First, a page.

Beer tap handles are both functional and decorative elements in any draft system. They come in different sizes, with the industry-standard 3/8″-16 UNC thread being interchangeable among faucets. From classic and elegant to modern and whimsical, tap handles offer breweries and bars the opportunity to showcase their brand identity and make a lasting impression on beer lovers. So, next time you raise a glass, take a moment to appreciate the craftsmanship and design of the tap handle that brings your favorite brew to life.

What Is The Handle On A Beer Tap Called?

The handle on a beer tap is commonly referred to as a tap handle or faucet handle. It is the lever-like device that attaches to the draft beer faucet. The primary purpose of the tap handle is to make it easier for bartenders or beer enthusiasts to open and close the faucet when pouring beer. By gripping and manipulating the tap handle, the flow of beer can be controlled more efficiently. The tap handle typically screws into the faucet and comes in various shapes, sizes, and designs, often reflecting the branding or style of the beer being served. Some tap handles may feature logos, labels, or unique designs to enhance the aesthetic appeal of the beer tap setup. the handle on a beer tap is called a tap handle or faucet handle, and it serves the practical function of facilitating the opening and closing of the faucet during the beer pouring process.

beer tap handles

What Size Tap Handles For Beer?

There are two common sizes of tap handles for beer in the industry. The first size is 3/8″-16, which is larger and is typically used for displaying tap handles. This size corresponds to the thread of a standard American beer faucet. The second size is 5/16″-18, which is smaller and also used for beer tap handles.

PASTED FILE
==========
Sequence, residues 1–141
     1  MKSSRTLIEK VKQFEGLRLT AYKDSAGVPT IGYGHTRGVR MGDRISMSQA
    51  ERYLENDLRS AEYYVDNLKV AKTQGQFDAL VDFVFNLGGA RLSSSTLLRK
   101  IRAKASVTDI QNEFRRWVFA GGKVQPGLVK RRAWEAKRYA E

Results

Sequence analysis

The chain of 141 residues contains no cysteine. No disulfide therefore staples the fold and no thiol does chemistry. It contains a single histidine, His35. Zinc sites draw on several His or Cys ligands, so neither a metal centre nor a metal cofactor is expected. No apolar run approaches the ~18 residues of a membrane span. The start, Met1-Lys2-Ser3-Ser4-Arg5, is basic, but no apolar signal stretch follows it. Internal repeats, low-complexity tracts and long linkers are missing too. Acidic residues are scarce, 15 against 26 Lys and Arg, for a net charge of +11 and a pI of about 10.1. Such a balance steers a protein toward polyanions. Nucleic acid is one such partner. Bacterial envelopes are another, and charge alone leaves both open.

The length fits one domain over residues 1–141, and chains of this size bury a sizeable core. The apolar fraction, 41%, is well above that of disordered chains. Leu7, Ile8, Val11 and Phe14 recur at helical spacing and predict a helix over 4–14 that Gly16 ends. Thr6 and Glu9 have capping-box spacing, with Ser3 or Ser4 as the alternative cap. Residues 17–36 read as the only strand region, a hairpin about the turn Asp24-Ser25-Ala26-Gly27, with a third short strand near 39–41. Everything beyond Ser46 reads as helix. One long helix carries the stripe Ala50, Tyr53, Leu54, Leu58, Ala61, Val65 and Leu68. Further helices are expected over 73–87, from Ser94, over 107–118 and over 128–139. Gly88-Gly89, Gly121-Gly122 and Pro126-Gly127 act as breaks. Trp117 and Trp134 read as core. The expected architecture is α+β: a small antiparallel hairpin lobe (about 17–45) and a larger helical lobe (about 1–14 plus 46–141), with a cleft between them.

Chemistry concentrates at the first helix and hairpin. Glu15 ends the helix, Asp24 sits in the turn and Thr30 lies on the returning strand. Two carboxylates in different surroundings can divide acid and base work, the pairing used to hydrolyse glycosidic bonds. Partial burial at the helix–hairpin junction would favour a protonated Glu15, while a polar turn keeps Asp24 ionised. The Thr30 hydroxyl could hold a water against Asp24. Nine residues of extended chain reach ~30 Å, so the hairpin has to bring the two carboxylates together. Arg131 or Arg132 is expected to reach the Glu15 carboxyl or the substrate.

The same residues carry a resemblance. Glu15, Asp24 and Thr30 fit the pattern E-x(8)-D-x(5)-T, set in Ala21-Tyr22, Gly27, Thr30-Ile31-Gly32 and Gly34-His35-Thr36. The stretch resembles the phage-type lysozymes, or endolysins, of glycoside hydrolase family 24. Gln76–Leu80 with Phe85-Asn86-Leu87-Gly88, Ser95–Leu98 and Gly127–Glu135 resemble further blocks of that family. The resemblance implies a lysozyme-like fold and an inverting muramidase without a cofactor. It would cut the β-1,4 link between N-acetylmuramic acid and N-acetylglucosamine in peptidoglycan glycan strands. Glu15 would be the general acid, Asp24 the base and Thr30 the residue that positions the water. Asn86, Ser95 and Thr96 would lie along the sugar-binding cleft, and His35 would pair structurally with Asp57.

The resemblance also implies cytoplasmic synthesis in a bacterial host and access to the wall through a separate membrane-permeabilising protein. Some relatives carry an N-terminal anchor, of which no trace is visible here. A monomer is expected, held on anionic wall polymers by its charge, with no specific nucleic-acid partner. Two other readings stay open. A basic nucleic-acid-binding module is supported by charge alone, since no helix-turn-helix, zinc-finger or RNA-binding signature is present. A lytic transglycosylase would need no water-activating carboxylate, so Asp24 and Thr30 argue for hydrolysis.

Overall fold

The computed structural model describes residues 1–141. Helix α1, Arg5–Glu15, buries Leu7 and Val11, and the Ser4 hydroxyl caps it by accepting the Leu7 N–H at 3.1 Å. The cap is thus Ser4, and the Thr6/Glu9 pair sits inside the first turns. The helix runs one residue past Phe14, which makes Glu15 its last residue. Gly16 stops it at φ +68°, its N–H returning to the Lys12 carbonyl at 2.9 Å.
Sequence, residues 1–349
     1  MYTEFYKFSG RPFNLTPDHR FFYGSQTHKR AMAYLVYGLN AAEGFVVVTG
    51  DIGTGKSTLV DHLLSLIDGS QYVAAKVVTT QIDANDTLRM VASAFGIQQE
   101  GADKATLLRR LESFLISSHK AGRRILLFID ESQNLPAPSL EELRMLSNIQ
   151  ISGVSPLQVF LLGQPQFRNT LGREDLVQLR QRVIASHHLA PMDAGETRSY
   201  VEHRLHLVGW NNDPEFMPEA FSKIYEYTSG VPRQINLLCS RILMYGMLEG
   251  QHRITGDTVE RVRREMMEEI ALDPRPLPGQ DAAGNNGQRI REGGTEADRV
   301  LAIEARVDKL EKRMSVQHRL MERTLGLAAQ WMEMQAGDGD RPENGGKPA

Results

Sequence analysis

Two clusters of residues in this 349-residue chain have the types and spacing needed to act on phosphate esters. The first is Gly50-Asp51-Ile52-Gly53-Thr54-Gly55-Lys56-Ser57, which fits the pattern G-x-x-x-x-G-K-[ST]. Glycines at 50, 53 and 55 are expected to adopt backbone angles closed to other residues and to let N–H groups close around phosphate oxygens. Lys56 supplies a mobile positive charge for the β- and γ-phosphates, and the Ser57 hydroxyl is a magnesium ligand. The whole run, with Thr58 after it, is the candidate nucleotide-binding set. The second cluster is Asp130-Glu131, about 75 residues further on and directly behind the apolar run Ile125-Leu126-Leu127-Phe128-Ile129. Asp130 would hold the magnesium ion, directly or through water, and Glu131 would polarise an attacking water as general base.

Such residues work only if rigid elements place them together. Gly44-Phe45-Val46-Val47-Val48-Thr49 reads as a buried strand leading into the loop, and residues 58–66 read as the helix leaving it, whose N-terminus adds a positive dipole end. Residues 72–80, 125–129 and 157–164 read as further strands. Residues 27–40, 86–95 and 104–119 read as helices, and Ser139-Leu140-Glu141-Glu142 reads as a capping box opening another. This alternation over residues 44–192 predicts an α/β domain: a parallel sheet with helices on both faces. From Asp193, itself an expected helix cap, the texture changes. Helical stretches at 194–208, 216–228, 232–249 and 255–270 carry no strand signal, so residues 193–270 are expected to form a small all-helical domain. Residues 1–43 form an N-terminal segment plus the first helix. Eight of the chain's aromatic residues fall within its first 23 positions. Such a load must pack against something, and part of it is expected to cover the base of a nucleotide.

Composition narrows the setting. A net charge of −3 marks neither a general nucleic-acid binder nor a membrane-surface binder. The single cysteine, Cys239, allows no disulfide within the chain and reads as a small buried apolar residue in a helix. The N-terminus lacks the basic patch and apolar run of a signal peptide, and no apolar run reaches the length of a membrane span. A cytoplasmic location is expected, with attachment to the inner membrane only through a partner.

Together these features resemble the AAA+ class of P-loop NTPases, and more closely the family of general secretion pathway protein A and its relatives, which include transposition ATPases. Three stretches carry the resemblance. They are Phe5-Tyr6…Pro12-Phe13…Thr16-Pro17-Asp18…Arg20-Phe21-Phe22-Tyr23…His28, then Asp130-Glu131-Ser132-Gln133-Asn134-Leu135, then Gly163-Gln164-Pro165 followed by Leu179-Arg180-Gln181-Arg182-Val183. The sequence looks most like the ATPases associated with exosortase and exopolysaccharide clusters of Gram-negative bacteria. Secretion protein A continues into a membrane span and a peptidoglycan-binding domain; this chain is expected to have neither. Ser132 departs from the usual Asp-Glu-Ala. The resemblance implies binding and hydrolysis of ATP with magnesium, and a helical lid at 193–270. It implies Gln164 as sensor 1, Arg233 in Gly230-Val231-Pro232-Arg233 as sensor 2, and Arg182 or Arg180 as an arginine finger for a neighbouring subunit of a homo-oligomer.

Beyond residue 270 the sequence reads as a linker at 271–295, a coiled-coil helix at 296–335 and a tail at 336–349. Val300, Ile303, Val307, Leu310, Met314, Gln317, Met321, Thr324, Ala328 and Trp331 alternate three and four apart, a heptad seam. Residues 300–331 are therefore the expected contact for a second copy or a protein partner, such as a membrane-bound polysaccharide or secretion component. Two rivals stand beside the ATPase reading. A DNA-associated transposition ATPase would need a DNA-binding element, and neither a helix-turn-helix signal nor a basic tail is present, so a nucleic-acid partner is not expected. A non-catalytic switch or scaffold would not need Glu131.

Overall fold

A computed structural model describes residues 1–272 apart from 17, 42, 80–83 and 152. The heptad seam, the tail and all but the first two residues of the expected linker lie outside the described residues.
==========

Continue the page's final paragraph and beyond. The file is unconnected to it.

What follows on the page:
To summarize:

Tap handle sizes for beer:
– 3/8″-16: larger size used for displaying tap handles
– 5/16″-18: smaller size used for beer tap handles

It's important to note that these sizes may vary depending on the specific brand or manufacturer.

Are Tap Handles Universal?

Tap handles in the United States adhere to a standard size and threading, making them universal across different manufacturers. The standard used in the U.S. beer industry is the 3/8″-16 UNC thread. This means that regardless of the brand or manufacturer, all faucet handles and faucets produced in the U.S. will have these interchangeable threads.

To clarify further, here are some key points about the universality of tap handles:

1. Standard Size: Tap handles in the U.S. follow a standard size, ensuring compatibility among different manufacturers.

2. Thread Type: The 3/8″-16 UNC thread is the industry standard for tap handles in the U.S. UNC stands for Unified National Coarse, indicating the thread pitch and diameter. This standardization allows for easy interchangeability.